David Hume is a 18th century philosopher and contemporary of Immanuel Kant. He is best known for his skeptics views, empirical analysis, and naturalist positions.

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How did Hume remain 'jovial', 'merry' and 'unperturbed' despite philosophy's difficulty?

Source: p 231 Bottom, Introducing Philosophy for Canadians: A Text with Integrated Readings (2011 1 ed). How did Hume remain 'jovial', 'merry' and 'unperturbed', despite the difficult perennial ...
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Can the “Ship of Theseus” apply to thoughts?

If we go by the ideas of philosophers (such as Hume) which take a person to be a collection of perceptions can we reduce and clone the mind of a person thus recreating the ship of theseus? UPDATE: As ...
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On the Objections to Compatibilism

I was reading An Enquiry Concerning Human Understanding by David Hume, specifically the section titled On Liberty and Necessity (both parts). Hume reconciles liberty with metaphysical necessity by an ...
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If it's impossible to separate science from metaphysics, is it is also impossible to separate science from ethics and values?

One of the most important results in philosophy of science is that every observation is "theory-laden", i.e. that the outcome of any scientific experiment is affected by the theoretical ...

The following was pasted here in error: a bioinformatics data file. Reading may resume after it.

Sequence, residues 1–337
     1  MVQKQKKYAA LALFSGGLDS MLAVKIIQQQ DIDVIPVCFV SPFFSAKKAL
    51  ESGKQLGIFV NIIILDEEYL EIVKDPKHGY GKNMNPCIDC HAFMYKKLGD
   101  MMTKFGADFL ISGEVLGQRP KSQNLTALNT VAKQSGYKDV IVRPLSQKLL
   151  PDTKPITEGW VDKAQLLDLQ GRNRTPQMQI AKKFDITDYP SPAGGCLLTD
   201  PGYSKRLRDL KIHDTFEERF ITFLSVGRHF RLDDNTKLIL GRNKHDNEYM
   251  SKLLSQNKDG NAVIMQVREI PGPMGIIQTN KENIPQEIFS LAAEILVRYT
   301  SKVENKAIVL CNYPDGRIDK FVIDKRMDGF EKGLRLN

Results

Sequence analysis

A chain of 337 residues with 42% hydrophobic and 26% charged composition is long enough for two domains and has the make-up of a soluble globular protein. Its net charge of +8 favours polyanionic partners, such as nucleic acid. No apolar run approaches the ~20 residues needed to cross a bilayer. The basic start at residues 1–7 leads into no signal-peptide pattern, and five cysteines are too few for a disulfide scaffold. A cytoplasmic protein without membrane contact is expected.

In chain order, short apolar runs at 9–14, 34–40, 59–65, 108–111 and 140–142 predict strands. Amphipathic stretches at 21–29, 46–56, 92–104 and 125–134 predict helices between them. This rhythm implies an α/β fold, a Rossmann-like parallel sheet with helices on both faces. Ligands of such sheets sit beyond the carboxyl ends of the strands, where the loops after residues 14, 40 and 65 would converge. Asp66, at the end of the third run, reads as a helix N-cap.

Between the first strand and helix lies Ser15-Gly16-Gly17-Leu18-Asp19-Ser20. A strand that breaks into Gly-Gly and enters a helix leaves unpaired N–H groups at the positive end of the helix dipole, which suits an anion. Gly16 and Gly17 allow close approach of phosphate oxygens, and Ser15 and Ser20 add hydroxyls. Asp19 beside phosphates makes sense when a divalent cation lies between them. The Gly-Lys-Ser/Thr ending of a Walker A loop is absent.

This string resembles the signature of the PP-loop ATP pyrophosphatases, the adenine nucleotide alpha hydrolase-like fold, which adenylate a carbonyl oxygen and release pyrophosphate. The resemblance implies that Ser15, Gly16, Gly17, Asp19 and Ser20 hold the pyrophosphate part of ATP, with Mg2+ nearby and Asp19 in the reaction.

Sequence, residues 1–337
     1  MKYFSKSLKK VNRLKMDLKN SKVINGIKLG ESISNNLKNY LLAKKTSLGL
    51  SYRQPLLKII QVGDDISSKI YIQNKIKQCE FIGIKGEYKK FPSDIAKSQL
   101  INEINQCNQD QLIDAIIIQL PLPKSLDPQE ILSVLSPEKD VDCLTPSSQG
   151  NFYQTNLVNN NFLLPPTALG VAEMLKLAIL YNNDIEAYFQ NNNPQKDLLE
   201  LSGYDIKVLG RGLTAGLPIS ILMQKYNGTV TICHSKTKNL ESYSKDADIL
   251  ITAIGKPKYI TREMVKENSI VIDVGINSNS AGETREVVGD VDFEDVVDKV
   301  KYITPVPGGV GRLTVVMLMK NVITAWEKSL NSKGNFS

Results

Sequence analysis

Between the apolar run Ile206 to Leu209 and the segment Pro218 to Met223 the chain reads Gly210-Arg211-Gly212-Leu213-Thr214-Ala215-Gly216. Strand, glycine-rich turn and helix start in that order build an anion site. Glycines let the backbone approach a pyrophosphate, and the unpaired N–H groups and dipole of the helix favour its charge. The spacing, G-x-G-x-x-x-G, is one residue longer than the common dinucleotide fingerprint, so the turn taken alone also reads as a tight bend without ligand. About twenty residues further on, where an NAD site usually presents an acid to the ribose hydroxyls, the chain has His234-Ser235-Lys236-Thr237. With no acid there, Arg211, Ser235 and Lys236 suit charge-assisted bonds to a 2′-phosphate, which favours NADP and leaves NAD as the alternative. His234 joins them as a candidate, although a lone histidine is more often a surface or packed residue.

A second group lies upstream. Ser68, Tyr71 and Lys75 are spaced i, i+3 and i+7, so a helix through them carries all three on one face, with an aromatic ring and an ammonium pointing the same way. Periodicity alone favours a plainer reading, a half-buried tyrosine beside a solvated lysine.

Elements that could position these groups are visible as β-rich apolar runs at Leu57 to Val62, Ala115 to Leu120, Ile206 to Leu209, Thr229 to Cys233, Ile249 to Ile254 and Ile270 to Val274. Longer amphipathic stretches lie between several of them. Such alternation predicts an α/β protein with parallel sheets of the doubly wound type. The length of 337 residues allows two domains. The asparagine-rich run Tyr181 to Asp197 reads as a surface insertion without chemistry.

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To what extent do variations of Hume's Fork permeate modern philosophy, and specifically the analytical community?

Hume's Fork, which divides knowledge into 'relations of ideas' and 'matters of fact' has had an incredible influence on philosophy ever since its conception (though it is sometimes claimed that others ...
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Does Hume face circularity in his understanding of impressions?

Hume held that all experience and under his empiricism all ideas and meaningful thoughts were reducible to impressions. Thus, for Hume an 'idea' is merely a faint impression. But why should ideas and ...
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Why would David Hume judge 'bread nourishes' as a Matter of Fact, and not a Relation of Idea?

Source: p 115, Philosophy: A Complete Introduction (2012) by Prof Sharon Kaye (MA PhD in Philosophy, U. Toronto). Caution: I rewrote numerals as integers for easier reading. 1 Relations of ideas ...
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Is number π empirical or a priori?

I used the example of π, but this applies to other transcendental numbers as well, such as e Kant classified statements into 4 epistemic categories based on two criteria: The Analytic/Synthetic ...
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Why cannot reports of a miracle overpower all our experience and laws of nature?

A novice, I do not feel prepared yet to, but shall in future, read Hume; please tell me if Hume's originals answer my question. Source: pp 30-31, Philosophy ; A Very Short Introduction (2002) by ...
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Hume held that the self could not be proved due to its not being an impression or idea, but is not the self necessary for associative capacities?

Associations are principles whereby impressions come to exist in different capacities than by what was received initially. So for example, in having the impression of brown, furry, smelly, and so on ...
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Is the capacity to form associations of impressions a passive reality or is it indicative rather of an active principle?

Hume famously held that all that was meaningful in the mind consisted of clear and distinct impressions and ideas. Now, notions such as causation, unity and identity are held to be a result of ...
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What is the difference between correlation and causation?